In my work with nonprofits it can feel like I’m in the Land Of The Living Dead with all the zombie organizations I encounter. At times it feels like the world is awash in nonprofits which lumber on with grossly underpaid employees and dysfunctional infrastructure. Our communities are chock full of organizations with caring but demoralized staff, outdated information systems, semi-functional Boards Of Directors.
So why aren’t more leaders asking themselves about their own relevancy. If a nonprofit cannot raise enough capital to pay employees adequately as well as maintain a functional infrastructure, then perhaps it is time for the Board to ask, ‘If we can’t be first class, is it time to get out of the business?”
In the Age Of Austerity nonprofits must continually surround themselves with different kinds of talent and ultimately discuss if the community would be better served by either merging or else relocating programs and closing up shop.
In the private sector, companies frequently reach the limits of growth in their current state and face the choice of either gradual decay or of selling the operation. They can’t, on their own, acquire the resources to take the enterprise to the next level of competitive excellence. Unless they find a partner or buyer, the company eventually employs round after round of cost cutting: gutting professional development, sticking with antiquated equipment, eliminating employee benefits, job consolidations, layoffs, etc. This continues until a fire sale or bankruptcy.
Yet in the nonprofit sector this continual decay never seems to reach the terminal stage. Organizations are able of secure just enough contracts or donations to barely limp along in a somnolent fashion. Not quite dead, but far from vibrant. These are our Zombie Nonprofits.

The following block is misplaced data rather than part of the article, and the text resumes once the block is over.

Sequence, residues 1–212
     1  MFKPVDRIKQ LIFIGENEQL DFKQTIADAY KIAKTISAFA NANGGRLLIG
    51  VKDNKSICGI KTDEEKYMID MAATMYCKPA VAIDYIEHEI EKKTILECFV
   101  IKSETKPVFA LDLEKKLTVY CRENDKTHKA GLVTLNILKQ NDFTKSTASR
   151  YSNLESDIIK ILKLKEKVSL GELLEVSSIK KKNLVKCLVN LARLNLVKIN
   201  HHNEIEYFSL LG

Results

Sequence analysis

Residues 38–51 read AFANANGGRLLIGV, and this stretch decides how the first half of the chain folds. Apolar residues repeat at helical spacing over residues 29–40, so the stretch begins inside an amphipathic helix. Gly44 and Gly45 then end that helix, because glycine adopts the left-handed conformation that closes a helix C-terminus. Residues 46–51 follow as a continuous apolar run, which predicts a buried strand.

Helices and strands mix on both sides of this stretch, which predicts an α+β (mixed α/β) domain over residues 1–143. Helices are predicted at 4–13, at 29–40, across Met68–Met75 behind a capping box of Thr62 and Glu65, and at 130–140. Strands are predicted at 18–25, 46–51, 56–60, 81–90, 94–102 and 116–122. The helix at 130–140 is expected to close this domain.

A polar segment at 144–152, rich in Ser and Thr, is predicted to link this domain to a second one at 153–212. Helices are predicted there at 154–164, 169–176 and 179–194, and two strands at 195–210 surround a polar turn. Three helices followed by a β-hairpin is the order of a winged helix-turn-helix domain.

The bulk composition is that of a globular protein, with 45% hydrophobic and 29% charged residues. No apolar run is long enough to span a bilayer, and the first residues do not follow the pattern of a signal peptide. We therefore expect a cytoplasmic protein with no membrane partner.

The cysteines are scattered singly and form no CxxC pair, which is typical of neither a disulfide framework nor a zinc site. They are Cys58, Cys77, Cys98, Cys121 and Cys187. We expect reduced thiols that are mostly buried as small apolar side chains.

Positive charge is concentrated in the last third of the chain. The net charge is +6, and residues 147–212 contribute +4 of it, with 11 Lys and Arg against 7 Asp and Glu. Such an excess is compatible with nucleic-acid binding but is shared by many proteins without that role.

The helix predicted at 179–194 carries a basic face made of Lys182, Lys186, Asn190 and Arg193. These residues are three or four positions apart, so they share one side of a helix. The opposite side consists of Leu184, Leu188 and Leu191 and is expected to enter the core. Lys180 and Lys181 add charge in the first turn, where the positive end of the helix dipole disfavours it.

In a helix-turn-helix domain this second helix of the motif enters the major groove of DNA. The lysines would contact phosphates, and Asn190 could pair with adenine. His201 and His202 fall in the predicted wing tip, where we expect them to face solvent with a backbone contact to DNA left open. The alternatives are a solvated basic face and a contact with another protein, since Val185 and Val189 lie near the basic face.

Organizations are people, yet the gross under-investment in human capital in Zombies is a continuing black mark on the entire sector. The sense that professional development is a frill is stunning after all we’ve learned about management, yet these investments are usually the first on the chopping block. The emotional desire to ‘put all resources into services’ is noble, but ultimately counter-productive. It’s better to have a first class staff manage a second class program than having a second class staff manage a first class program.
The second area which suffers is technology infrastructure. It is not uncommon to experience a nonprofit where the hardware is antiquated and software systems are disjointed: case management software can’t talk to fiscal, which can’t talk to evaluation teams which can’t talk to senior management. The result being a single client’s information may be entered 3 or 4 times resulting in huge inefficiencies. The point here is if a nonprofit cannot raise the resources to adequately invest in its people and technology, then it’s time to consider getting out of the business.
To be clear, this is not a decision an Executive Director is likely to recommend, research indicates the self-interest is too great. This is a Board responsibility. They must honestly evaluate the organization and determine if its time to relocate programming to another organization which can provide the proper staff and technology support. In the end it’s the public which suffers from Zombie Nonprofits.